After trying it out in the Cadillac CT6 in 2018, I was so impressed that I echoed Alex Roy and asked GM to make Super Cruise available in as many models as possible, ASAP. GM is slowly doing this. Even Consumer Reports was impressed. But all this time, I guess I never read the fine print.
Well, the folks at MotorTrend did, and guess what? Turns out, if you bought a 2018, 2019, or 2020 model year CT6, you actually only get a three-year free trial of the Super Cruise feature. After this time, you must have an active OnStar account for Super Cruise to continue to operate:
New owners of the 2018 (produced September 6, 2017 and later), 2019 * and 2020 models receive the Super Cruise Package, which includes 3 years of OnStar to support features. To continue Super Cruise functionality after the 3-year Super Cruise package ends, an OnStar plan must be purchased.
GM told MotorTrend that a CT6’s adaptive cruise control and lane keeping will continue to work even with an inactive OnStar account. It wouldn’t be geo-fenced or use the driver monitoring system, and it would also prompt you to put your hands on the wheel every 15 seconds. Otherwise, it would turn off.
I have to say I feel a bit misled. Of course, I haven’t spotted that tiny bit of fine print, but none of my peers, it seems, have so far. (Except Bozi, but then he’s more of a machine than a man. And I guess the Philadelphia Inquirer.) It’s certainly not something GM has ever brought up when discussing the system with the media.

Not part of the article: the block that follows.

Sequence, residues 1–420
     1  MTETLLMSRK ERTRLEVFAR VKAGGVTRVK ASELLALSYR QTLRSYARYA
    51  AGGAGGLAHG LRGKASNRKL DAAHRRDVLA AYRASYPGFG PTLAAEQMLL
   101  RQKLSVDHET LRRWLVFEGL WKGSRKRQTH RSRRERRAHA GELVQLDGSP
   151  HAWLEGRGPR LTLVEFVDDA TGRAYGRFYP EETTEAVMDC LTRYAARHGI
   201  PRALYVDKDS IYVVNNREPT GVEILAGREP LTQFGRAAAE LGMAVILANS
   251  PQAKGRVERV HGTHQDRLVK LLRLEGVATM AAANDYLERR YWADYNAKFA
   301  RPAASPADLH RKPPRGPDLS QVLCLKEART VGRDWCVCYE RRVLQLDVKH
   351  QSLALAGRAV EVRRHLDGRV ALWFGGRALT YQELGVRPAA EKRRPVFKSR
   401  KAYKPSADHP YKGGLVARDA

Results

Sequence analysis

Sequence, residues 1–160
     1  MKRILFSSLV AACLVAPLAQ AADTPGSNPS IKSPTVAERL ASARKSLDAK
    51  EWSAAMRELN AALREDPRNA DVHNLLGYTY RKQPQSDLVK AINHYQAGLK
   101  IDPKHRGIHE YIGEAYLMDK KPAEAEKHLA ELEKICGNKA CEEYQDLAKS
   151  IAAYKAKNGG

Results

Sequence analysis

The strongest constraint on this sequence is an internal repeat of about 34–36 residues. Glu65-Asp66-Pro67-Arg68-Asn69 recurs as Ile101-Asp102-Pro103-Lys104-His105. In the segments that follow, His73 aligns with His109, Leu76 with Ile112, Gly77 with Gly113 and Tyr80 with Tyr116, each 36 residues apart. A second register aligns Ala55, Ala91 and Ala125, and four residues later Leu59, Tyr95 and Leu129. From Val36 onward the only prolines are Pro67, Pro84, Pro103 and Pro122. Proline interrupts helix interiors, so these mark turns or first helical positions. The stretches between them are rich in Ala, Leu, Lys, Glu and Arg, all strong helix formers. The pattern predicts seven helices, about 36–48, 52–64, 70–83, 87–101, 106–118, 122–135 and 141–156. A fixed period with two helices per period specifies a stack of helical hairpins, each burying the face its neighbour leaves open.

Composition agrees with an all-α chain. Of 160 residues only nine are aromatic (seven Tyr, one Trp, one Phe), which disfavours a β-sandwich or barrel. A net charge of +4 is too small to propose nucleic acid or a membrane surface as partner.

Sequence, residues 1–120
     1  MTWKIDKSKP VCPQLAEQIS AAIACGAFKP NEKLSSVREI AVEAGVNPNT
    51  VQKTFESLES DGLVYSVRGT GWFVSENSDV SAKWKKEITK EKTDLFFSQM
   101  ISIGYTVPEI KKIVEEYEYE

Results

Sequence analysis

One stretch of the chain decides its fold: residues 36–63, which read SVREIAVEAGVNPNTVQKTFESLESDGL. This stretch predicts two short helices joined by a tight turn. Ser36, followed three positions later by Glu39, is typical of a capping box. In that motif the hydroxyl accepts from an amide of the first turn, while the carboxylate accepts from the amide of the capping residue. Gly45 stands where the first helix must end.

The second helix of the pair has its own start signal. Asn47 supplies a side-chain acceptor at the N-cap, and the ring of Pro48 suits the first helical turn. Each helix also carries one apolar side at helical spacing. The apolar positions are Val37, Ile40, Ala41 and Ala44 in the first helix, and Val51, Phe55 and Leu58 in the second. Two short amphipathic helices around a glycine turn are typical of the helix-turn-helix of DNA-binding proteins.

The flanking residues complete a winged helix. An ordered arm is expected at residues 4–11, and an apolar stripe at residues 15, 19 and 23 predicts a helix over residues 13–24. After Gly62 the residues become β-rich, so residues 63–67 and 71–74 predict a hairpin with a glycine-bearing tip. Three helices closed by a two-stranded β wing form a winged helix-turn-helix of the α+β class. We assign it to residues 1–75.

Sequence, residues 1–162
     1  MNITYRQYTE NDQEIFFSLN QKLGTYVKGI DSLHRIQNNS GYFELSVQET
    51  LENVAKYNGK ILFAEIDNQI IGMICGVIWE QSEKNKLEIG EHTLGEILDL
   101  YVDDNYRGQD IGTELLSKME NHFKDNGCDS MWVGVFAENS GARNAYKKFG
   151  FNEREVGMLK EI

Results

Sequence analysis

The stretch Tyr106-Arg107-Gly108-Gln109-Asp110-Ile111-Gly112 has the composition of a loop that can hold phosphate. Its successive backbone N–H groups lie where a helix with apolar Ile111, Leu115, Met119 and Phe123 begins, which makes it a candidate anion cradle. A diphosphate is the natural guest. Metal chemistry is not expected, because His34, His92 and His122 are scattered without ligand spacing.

Given the cost of a new Cadillac CT6, it’s probably reasonable to expect an owner to continue to maintain their OnStar subscription – the cheapest of which is $ 25 per month – after the first three years. And of course, the car must be able to receive map updates remotely. So maybe I’m indignant at nothing. But will that be true for buyers of cheaper models once the feature rolls out into the lineup? Or for people who buy a used CT6?
If 2020 has taught us anything, it’s to expect the worst (and even then you’ll be disappointed).